While literature on the chemical alteration of archaeological evidence through root activity is limited, there are many publications concerning the weathering of soil minerals and the influence of root exudates and associated microbiological activity. Changes in the structure of reference minerals buried at various depths within different soils have been attributed to both the soil horizon and the surface vegetation. Increased mineral weathering is associated with dissolution by ectomycorrhizal activity and hyphal incursion. Studies into mineral weathering due to root exudates have shown various results. These different findings emphasize the complexity of mineral weathering rates that are dependent upon soil type, temperature, horizon chemistry, water content, microbial activity, vegetation type and root exudates. However, like archaeological evidence, the mineral longevity is primarily influenced by its own chemical composition.

Factors controlling the preservation of archaeological evidence

Examination by Forest Research of buried reference soil minerals has identified three primary process believed to be the major controlling influences of weathering rates:

  • Soil pH
  • Soil solution saturation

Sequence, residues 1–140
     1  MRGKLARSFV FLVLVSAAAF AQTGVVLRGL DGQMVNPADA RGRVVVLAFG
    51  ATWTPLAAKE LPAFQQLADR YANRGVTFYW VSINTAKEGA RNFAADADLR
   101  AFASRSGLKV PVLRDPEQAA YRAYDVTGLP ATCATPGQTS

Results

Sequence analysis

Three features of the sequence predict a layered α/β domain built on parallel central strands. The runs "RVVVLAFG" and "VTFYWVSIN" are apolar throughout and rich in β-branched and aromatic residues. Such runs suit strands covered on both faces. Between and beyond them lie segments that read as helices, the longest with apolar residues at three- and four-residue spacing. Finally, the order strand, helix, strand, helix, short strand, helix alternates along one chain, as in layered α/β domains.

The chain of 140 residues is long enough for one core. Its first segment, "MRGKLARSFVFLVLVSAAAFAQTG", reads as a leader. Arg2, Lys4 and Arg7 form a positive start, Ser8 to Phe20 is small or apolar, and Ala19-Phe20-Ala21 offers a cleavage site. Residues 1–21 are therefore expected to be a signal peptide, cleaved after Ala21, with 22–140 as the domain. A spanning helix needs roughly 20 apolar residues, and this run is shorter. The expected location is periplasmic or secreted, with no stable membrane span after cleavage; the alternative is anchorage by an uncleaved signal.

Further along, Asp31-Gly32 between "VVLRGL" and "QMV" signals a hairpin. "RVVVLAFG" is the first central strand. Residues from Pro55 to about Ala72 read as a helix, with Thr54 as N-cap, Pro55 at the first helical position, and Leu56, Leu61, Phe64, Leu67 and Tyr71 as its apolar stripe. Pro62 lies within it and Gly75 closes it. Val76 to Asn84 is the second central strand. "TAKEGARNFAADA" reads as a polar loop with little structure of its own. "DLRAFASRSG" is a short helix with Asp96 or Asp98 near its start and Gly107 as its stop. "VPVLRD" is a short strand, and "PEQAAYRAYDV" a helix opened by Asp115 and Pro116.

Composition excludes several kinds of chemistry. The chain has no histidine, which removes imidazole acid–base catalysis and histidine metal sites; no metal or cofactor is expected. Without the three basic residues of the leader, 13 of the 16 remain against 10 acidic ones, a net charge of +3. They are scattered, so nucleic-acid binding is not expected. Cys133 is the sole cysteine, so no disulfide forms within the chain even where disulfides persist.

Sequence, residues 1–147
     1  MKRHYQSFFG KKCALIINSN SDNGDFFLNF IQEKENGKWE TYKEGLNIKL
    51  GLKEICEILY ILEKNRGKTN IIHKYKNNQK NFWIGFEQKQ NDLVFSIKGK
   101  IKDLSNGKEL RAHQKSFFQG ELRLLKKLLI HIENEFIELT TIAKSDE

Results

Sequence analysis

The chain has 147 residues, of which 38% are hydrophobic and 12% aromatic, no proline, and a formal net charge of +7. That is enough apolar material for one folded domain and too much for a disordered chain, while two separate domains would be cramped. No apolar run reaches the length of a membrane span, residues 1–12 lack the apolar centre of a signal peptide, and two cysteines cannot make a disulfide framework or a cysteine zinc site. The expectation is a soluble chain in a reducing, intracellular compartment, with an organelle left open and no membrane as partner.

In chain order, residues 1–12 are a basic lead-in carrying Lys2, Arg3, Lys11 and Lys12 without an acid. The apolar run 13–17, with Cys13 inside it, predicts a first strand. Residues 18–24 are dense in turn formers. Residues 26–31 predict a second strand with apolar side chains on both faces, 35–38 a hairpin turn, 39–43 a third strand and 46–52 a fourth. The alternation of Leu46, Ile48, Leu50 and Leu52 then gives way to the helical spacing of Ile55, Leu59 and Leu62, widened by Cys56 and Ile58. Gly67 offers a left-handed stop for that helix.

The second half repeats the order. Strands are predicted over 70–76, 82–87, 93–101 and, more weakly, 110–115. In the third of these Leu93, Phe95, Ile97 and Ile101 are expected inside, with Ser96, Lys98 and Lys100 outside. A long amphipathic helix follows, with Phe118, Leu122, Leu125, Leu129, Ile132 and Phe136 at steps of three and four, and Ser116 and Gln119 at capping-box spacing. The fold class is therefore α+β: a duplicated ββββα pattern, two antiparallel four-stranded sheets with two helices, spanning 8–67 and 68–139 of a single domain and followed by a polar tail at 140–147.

• Soil water movement

To build upon the findings of the mineral weathering study outlined above, conservationists from English Heritage are collaborating with Forest Research in the burial of modern analogues of a selection of archaeological materials. These are buried within a woodland experimental site where intensive environmental monitoring is occurring. This work will contribute to a better understanding of artefact preservation in woodland soils.

It is well known that and acidic solution will dissolve many substances including soil minerals and archaeological materials. However, an acidic environment can favour the preservation of some materials (such as pollen grains) that would rapidly degrade in an alkaline soil. Thus, the soil pH can strongly influence what type of buried materials will be preserved.

The more saturated a soil solution is with the same, or similar ions to the composition of an archaeological material, the better the likelihood of preservation. Such a soil acts to buffer against dissolution by providing ions for chemical reactions that would otherwise come from the archaeological material.

Soil moisture and oxidation levels are closely linked and a soil saturated with static water develops a reducing environment that often favours archaeological evidence preservation. However, a predominantly dry soil will not create a reducing environment but may still favour archaeological preservation albeit of different types. The worst environment for any preservation is a soil with high quantities of flowing or fluctuating water. Here reducing environments and soil solution saturation will not occur, favouring chemical dissolution.